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Tenzin Gyatso, 14th Dalai Lama

Tenzin Gyatso

Tenzin Gyatso (b. July 6, 1935) is the fourteenth and current Dalai Lama.


Early years

The Dalai Lama was born to a farming family as Lhamo Dhondrub on July 6, 1935, in the village of Taktser in the northeastern region of Tibet. At the age of two the child passed tests as the sought-out reincarnation of the 13th Dalai Lama, Thubten Gyatso. Lhamo Dhondrub was elevated to the status of Dalai Lama and renamed Jetsun Jamphel Ngawang Lobsang Yeshe Tenzin Gyatso ("Holy Lord, Gentle Glory, Compassionate, Defender of the Faith, Ocean of Wisdom"). Tibetan Buddhists normally refer to him as Yeshe Norbu, the "Wish-fulfilling Gem", or just Kundun, "the Presence". In the West he is often called "His Holiness the Dalai Lama".

Tenzin Gyatso began his monastic education at the age of six. At 25 he sat for his final examination in the Jokhang Temple, Lhasa, during the annual Monlam (prayer) Festival in 1959. He passed with honours and was awarded the Lharampa degree, the highest level geshe degree (a doctorate of Buddhist philosophy).

Tenzin Gyatso at 22 years old
Tenzin Gyatso at 22 years old

Political career

As well as being the most influential spiritual leader of Tibetan Buddhism, the Dalai Lama is traditionally also Tibet's Head of State and sole political ruler. At the age of fifteen, Tenzin Gyatso was on November 17 1950 enthroned as the temporal leader of Tibet. He was only able to govern the country for a brief time. In October of that year a People's Republic of China army entered Tibet. In 1954 the Dalai Lama travelled to Beijing to negotiate with Chinese leaders Mao Zedong, Zhou Enlai, and Deng Xiaoping, but the talks were not fruitful. After a failed, U.S.-assisted uprising of Tibetans against the PRC in 1959, the Dalai Lama fled to Dharamsala, India, on March 17 of that year, entering India on March 31.

Mao Zedong (center) with the Dalai Lama (right), early 1950s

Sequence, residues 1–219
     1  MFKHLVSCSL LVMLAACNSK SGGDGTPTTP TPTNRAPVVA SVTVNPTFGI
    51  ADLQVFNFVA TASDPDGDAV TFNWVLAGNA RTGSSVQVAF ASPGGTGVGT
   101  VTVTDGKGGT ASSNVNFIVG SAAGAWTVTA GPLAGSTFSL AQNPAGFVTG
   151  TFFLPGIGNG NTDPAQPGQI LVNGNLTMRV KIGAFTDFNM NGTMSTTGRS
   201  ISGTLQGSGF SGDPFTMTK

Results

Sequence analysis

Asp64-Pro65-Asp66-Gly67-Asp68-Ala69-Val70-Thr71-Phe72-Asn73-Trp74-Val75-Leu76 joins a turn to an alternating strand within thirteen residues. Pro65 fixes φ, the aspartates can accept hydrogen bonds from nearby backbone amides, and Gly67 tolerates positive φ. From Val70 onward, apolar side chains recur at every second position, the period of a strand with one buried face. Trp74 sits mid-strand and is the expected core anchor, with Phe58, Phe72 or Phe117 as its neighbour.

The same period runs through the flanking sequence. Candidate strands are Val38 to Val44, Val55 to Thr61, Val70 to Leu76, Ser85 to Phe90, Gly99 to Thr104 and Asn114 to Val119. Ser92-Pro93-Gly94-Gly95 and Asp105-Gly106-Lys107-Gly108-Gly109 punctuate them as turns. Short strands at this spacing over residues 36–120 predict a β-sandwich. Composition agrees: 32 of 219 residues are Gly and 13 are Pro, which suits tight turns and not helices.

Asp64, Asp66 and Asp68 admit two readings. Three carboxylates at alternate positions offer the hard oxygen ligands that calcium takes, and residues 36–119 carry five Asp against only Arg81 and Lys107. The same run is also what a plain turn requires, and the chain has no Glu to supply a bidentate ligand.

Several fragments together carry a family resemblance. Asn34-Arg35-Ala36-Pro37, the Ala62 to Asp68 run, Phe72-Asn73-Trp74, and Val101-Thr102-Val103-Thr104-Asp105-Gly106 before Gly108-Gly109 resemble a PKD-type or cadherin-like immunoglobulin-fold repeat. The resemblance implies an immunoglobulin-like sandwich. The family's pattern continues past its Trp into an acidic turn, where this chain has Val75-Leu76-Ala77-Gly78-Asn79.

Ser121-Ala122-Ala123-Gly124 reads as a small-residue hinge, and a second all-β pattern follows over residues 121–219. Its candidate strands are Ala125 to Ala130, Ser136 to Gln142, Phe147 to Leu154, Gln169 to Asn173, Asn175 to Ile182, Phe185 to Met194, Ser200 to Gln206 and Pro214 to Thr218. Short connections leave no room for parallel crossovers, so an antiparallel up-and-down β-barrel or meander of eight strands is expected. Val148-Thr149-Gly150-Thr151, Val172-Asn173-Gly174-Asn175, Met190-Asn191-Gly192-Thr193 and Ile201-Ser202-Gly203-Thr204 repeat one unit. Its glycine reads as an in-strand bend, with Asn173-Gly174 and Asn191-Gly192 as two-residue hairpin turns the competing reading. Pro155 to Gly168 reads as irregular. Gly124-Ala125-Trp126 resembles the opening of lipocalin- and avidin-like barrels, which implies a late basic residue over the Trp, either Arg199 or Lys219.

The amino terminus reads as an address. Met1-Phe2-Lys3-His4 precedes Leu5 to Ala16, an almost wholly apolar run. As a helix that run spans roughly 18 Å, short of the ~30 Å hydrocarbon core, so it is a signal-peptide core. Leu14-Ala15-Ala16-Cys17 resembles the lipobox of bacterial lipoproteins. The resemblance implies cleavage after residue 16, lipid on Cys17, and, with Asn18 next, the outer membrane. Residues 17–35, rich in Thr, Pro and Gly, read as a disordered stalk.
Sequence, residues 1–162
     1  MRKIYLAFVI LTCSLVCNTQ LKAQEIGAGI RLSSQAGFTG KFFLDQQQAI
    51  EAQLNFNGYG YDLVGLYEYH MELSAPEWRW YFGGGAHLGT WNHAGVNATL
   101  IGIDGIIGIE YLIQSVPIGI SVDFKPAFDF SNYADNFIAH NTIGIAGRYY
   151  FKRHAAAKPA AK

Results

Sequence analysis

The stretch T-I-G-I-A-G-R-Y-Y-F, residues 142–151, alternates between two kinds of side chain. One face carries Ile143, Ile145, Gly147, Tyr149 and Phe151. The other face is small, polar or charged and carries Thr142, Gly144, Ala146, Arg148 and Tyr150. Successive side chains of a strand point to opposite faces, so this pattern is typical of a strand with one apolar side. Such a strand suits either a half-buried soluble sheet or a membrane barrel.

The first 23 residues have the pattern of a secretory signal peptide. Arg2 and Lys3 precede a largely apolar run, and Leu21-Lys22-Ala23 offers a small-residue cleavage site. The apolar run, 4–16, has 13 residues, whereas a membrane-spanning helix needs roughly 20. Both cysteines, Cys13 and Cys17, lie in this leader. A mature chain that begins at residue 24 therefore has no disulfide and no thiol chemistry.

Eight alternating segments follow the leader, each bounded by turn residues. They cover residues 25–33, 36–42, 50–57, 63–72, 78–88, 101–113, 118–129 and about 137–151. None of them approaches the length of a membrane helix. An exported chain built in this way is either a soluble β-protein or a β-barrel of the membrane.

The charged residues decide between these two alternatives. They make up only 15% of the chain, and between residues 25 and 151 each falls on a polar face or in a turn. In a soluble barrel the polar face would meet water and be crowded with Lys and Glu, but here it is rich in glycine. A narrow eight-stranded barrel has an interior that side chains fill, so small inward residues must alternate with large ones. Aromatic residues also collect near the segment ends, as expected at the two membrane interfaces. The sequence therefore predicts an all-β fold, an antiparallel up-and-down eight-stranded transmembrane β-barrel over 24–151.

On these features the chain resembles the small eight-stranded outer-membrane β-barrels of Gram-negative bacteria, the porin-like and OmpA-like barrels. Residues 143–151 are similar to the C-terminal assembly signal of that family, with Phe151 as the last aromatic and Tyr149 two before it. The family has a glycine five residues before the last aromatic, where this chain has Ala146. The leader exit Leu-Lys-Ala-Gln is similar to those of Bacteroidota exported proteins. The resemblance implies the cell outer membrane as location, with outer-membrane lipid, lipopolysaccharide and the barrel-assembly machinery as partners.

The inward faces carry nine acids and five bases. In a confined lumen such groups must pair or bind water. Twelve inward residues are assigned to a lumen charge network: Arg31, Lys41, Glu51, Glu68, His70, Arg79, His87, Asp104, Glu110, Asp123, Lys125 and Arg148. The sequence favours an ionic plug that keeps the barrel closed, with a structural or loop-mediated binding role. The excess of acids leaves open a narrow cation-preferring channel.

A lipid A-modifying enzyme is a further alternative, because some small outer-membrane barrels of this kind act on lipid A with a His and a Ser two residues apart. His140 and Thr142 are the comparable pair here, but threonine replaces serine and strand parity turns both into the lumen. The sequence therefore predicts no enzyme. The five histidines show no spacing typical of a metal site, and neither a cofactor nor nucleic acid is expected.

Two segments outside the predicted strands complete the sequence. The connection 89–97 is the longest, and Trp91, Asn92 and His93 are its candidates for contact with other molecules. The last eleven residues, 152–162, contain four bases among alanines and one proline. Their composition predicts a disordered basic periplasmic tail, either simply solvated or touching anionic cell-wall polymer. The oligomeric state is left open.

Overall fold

Mao Zedong (center) with the Dalai Lama (right), early 1950s

In 1989 Tenzin Gyatso was awarded the Nobel Peace Prize, with the chairman of the Nobel committee saying that this was "in part a tribute to the memory of Mahatma Gandhi."

On May 14, 1995 the Dalai Lama proclaimed 6-year-old Gedhun Choekyi Nyima as the eleventh reincarnation of the Panchen Lama, but the PRC named another child, Gyancain Norbu.

International influence

The Dalai Lama speaks English as a second language and has been successful in gaining Western sympathy for Tibetan self-determination, including vocal support from a number of Hollywood actors and other celebrities, as well as lawmakers from several major countries.

Conversations with President in the
Conversations with President George W. Bush in the White House

Tenzin Gyatso has on occasion been denounced by the Chinese government as a supporter of Tibetan independence. Over time he has developed a public position stating that he is not necessarily in favour of Tibetan independence and would not object to a status in which Tibet has internal autonomy while the PRC manages defense and foreign affairs.

There have been intermittent and quiet negotiations between the Tibetan government in exile and the government of the People's Republic of China. The Dalai Lama has generally wished to discuss the issue of the status of Tibet within China, while the Chinese government has insisted that negotiations be limited to the conditions of the Dalai Lama's return to Tibet.

Writings of the Dalai Lama

  • The Art of Happiness, coauthored with Howard C. Cutler, M.D.
  • Ethics for the New Millennium
  • A Simple Path
  • . Translated and edited by Jeffrey Hopkins, Ph.D.
  • , London: Little, Brown and Co, 1990 ISBN 034910462x
  • An Open Heart , edited by Nicholas Vreeland.
  • H.H. the Dalai Lama and Alexander Berzin. The Gelug/Kagyü Tradition of Mahamudra, Ithaca, NY: Snow Lion Publications, 1997, ISBN 1559390727
  • , coauthored with Victor Chan, Riverbed Books, 2004, ISBN 1573222771

Films about the Dalai Lama

Among the films that have been recently made about the 14th Dalai Lama are Kundun and Seven Years in Tibet.

See also

External links

Last updated: 05-06-2005 15:06:41